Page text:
Howzat for fraud? Cricketing disability benefit cheat claimed £16,000
A fraudster who pocketed more than £16,000 saying he could barely walk has been caught out by investigators who were tipped off that his benefits claim was just not cricket.
Department of Work and Pensions investigators secretly filmed cricketer Kenneth Hodgson for two-and-a-half hours while he fielded in various positions and for long periods on August 17, 2017.
He was pictured arriving at the ground carrying a fully-laden cricket bag before practising throwing and catching during the warm-up.
Then the 45-year-old from Wenlock Rise, Bridgnorth, was seen diving to stop the ball, chasing after it and throwing it the wicket keeper while spending 40 overs in the field, during which he enthusiastically encouraged team mates before being replaced by the 12th man.
Scorecards and records suggested he had been playing for Highley Cricket Club since 2013, though he insisted he did not actually play for a team until the following year, maintaining his name had been used by unsigned players.
He eventually confessed to investigators that since starting to play he had batted and bowled when required as well as fielding.
Hodgson had been receiving Disability Living Allowance, later called Personal Independence Payment, since 2008 but claimed in a self assessment renewal form which he signed on August 10, 2010: "I have to walk everywhere with my elbow crutches."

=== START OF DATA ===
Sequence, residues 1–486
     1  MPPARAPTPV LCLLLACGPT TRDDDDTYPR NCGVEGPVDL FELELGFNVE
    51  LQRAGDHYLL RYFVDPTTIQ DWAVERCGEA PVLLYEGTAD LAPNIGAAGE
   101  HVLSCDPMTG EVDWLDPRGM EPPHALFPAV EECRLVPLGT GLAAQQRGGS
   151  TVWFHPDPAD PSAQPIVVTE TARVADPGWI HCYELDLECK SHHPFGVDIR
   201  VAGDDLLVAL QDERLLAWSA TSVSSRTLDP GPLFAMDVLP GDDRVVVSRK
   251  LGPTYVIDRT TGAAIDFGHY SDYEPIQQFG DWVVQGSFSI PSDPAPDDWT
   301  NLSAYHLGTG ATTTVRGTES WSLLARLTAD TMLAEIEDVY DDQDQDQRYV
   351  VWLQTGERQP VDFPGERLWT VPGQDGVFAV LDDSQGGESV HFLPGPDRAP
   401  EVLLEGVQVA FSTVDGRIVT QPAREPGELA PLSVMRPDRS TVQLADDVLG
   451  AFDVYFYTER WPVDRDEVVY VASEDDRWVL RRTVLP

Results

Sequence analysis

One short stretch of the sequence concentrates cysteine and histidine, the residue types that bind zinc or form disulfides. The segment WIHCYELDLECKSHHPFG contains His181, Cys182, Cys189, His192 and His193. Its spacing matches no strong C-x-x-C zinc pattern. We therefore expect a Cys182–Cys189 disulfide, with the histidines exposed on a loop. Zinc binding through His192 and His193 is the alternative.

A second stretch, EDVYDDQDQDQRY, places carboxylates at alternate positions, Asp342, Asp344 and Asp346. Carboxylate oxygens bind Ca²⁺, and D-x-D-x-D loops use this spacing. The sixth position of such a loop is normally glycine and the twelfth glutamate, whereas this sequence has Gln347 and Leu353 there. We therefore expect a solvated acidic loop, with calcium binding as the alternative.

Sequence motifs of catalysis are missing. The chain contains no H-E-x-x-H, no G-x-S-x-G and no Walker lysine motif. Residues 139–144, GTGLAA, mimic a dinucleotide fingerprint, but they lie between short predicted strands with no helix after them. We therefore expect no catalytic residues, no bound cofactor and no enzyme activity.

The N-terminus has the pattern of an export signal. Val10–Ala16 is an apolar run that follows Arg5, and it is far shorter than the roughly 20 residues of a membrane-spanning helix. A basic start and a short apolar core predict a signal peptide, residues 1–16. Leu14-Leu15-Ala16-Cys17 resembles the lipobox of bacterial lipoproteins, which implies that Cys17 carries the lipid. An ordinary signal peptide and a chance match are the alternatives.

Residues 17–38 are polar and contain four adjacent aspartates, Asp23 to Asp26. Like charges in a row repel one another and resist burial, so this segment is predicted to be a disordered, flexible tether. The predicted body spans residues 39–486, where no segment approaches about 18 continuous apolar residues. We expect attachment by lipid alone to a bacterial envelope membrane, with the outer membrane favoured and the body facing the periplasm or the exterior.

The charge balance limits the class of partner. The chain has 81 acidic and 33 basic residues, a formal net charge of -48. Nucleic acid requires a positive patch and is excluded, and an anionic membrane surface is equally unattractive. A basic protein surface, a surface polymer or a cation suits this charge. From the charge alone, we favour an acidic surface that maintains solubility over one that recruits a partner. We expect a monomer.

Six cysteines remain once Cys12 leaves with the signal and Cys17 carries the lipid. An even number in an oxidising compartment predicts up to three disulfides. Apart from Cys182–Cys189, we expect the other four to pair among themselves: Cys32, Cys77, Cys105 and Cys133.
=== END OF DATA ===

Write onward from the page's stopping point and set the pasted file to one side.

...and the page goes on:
The statement continued: "On good days crutches are sufficient but on bad days I need more support hence I do not go outdoors, so stay in."
He said he had four crumbling spinal discs and nerve damage to his legs which meant he was unable to walk more than four metres very slowly without experiencing "severe discomfort".
The statement maintained his legs would just "give way," leading to him falling every week and needing someone to help him back on his feet "stage by stage".
Hodgson also detailed his difficulties getting in and out of the bath and explained the problems he encountered while trying to stand to make meals.
He told the Examining Medical Practitioner in January 2011 that he only went out "once a week to watch his son play rugby".
The form warned he must report any improvement in his condition, but he said nothing to the DWP until a tip-off triggered an investigation which uncovered the truth about the double dealing sportsman who, it was alleged, was overpaid up to £16,449 in benefits he had not been entitled to between May 3, 2014 and April 24, 2018.
Hodgson admitted failing to notify change of circumstances affecting entitlement to social security benefit at Telford Magistrates Court yesterday.
Shakel Ahmed, defending, said Hodgson has been paying the money back directly to the DWP for the last 12 months.
Mr Ahmed said: “He was unable to manage his condition, but it improved with medication.”
Magistrates gave him a 12-month community order, 60 hours unpaid work and ordered him to pay court and prosecution costs and a victim surcharge totalling £405.
A DWP spokesman said: “Only a small minority of benefit claimants are dishonest, but cases like this show how we are catching those who cheat the system and divert taxpayers' money from the people who need it.
“We are determined to catch those we suspect of fraudulently claiming benefits by following up on tip-offs, undertaking surveillance and working with local councils.”
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